Ultras or fanatical football fans’ activities have always overlapped between football, social and political demands. Such groups have often shown their ability to mobilise and politicise stadiums.
Whether they are aware of it or not, joining a group of ultras allows fans to appropriate a new social identity (an identity opposed to rival groups, public authorities, companies, and so on), a new way of life, and a sense of belonging. Ultra-fans’ hostility is directed towards all symbols of authority. They oppose rival fan-groups but also law enforcement, governments, the rich who exploit the poor and the country. As one fan of Raja Casablanca, a Moroccan club says:
We do not want to be controlled by the police, the clubs or their associations. The best thing is to take care of ourselves. Can you imagine a young fan surrounded by an organism that symbolises some authority? Or imagine a fan encircled by a state that does not grant us the slightest rights?
During the uprisings of the “Arab Spring,” political tensions amongst ultras reached their climax. Casablanca fans’ slogans and songs became more political and denounced, as usual, the social status quo. Meanwhile Raja fans sang their attachment to the monarchy and King Mohammed VI. However, Raja fans pointed out that the government and its ministers are getting rich by pocketing taxpayers’ money and looting public funds. The lyrics of the songs have become particularly revealing of the social and political context. For example, “The south magana curvahas sharp and poisonous words, [and] hates the government” (“Magana messmouma takrahou elhoukouma”). “We have only one King, Mohammed VI, and the others are thieves who despise us” (“malikouna wahed Mohamed assadiss” or “al baky chefara” / “alina hagara”). “They fill their pockets with the poor’s money” (“maâmrin chukara bi fluss alfukara”). Their lyrics show the fans’ willingness to enter political action and to leave an historic trace of the events that shook the Arab world. This willingness to use symbols with political connotation is further evidence of their readiness to defy authorities.
That said, most of the time political knowledge is not very developed amongst football fans. This is not due to a lack of awareness regarding the current situation of their country, rather, it is due to the bad image and reputation of political actors. A fan from Casablanca tells me, “They come the day of the vote. And after the election campaign, they turn their backs on us and never come back.”
The recent consumer boycott campaign in Morocco shows that football fans have adopted political positions, taking part in social protests and political activities. A boycott campaign was launched against against costly dairy products from Danone, Sidi Ali (mineral water) and Afriquia (gas stations). This boycott campaign generated strong reactions.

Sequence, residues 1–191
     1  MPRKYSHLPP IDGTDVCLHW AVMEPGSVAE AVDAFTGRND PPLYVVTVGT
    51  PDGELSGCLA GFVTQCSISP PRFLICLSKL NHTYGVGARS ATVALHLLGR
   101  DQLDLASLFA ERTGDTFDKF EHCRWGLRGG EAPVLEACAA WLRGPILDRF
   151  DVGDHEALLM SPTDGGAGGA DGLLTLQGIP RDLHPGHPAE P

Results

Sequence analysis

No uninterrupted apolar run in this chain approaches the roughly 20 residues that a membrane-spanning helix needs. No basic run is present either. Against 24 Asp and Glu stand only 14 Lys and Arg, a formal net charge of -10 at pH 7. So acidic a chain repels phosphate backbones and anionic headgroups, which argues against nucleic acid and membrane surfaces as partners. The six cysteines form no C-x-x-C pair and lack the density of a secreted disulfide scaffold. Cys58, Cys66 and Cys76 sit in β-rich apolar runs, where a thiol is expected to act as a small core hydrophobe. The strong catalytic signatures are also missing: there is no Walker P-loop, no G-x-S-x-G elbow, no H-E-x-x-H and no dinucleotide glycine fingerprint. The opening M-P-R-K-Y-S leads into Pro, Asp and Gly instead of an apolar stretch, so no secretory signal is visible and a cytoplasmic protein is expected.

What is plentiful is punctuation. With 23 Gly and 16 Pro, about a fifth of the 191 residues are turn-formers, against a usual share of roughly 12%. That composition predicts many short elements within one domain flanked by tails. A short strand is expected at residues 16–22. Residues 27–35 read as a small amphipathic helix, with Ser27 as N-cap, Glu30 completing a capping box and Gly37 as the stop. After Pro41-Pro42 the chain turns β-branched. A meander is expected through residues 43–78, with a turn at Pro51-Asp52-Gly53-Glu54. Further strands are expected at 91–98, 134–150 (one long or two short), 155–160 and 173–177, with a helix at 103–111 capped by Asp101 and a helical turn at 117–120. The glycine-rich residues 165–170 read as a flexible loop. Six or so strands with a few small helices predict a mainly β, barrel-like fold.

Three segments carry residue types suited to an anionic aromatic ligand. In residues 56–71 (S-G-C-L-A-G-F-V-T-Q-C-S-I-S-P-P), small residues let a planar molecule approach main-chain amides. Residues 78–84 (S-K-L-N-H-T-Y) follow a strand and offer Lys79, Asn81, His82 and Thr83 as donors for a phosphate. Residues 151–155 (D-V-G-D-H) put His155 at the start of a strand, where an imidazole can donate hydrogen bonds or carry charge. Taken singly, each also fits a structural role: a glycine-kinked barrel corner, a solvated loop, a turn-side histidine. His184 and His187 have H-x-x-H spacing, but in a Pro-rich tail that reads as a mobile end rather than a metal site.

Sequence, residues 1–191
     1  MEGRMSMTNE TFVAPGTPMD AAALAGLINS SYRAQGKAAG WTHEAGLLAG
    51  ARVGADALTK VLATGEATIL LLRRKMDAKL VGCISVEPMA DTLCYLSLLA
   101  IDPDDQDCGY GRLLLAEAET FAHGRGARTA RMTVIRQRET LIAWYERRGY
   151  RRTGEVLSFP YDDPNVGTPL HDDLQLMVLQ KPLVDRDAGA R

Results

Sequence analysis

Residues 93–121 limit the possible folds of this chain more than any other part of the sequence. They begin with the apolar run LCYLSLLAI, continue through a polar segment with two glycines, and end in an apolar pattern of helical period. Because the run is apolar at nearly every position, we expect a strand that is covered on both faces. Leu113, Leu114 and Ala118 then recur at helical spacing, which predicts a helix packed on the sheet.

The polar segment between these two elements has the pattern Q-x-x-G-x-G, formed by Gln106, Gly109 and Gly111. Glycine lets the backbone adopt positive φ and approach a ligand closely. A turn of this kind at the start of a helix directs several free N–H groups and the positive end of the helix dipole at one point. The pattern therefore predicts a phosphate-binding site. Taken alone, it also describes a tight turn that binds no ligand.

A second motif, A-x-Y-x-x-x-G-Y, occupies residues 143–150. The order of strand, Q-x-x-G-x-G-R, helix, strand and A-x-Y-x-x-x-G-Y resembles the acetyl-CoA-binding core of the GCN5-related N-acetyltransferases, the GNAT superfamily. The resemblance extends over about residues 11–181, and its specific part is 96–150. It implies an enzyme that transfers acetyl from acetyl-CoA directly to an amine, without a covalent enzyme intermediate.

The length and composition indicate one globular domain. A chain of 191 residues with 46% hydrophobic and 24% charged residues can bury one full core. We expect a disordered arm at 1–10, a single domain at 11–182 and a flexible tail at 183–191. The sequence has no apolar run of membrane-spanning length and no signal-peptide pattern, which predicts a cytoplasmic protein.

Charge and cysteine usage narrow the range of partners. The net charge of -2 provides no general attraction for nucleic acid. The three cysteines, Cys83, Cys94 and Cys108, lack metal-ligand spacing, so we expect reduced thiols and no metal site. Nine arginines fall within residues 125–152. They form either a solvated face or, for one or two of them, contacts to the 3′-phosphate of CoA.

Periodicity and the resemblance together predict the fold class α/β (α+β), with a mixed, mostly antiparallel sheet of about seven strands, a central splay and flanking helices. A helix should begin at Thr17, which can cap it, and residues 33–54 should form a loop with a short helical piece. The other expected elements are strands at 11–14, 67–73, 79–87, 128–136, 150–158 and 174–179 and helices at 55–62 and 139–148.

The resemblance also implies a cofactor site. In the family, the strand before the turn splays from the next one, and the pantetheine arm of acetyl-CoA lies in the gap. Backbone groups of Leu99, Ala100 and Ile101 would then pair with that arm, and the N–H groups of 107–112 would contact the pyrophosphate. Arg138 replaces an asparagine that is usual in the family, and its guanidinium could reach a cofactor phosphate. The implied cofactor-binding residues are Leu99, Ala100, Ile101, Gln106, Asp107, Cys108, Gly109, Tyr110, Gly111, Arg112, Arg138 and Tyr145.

Football fans showed their support for the boycott through slogans on the stadiums and graffiti on the walls of big cities. Some of them even put graffiti of the name of their ultra-group on the trucks of the target companies. The Fatal Tigers of Maghreb — supporters of Maghreb de Fez — launched and signed a petition, thereby continuing their political activities at the Rif (with the “Hirak-movement”) and at the Jerada mines. Thirty-two Casablanca fans also voiced their political stances. During a match against the Diffaa El Jadida football team, students working at the OFFPT (Center for Professional Training and Promotion of Work) sang: “You do not want us to study… you do not want us to be aware [of our situation] … you do not want us to work… this way, we will be submissive, resigned, easy to dominate and to control.” (“mabghitouna nkraw… mabghitouna nw3aw… mabghitouna nkhadmou… bach tbkaw fina t7akmou”). This chant served as a prequel to the latest popular song Fbladi Dalmouni (“In my country, I suffered from injustice”).
Insofar as there are no organised structures and platforms for youth who feel excluded in Morocco, and a continual inability of political parties and traditional associations to listen to them, football fans display an ambition to penetrate the framework of public action through street demonstrations, petitions, positions in the public debate, and song. The groups provide a basis to encourage the defence of fundamental civil liberties, assert citizen demands and follow up actions in court. They do so by utilising the tools from the repertoire of classical public collective action.
This article was first published by Africa is a Country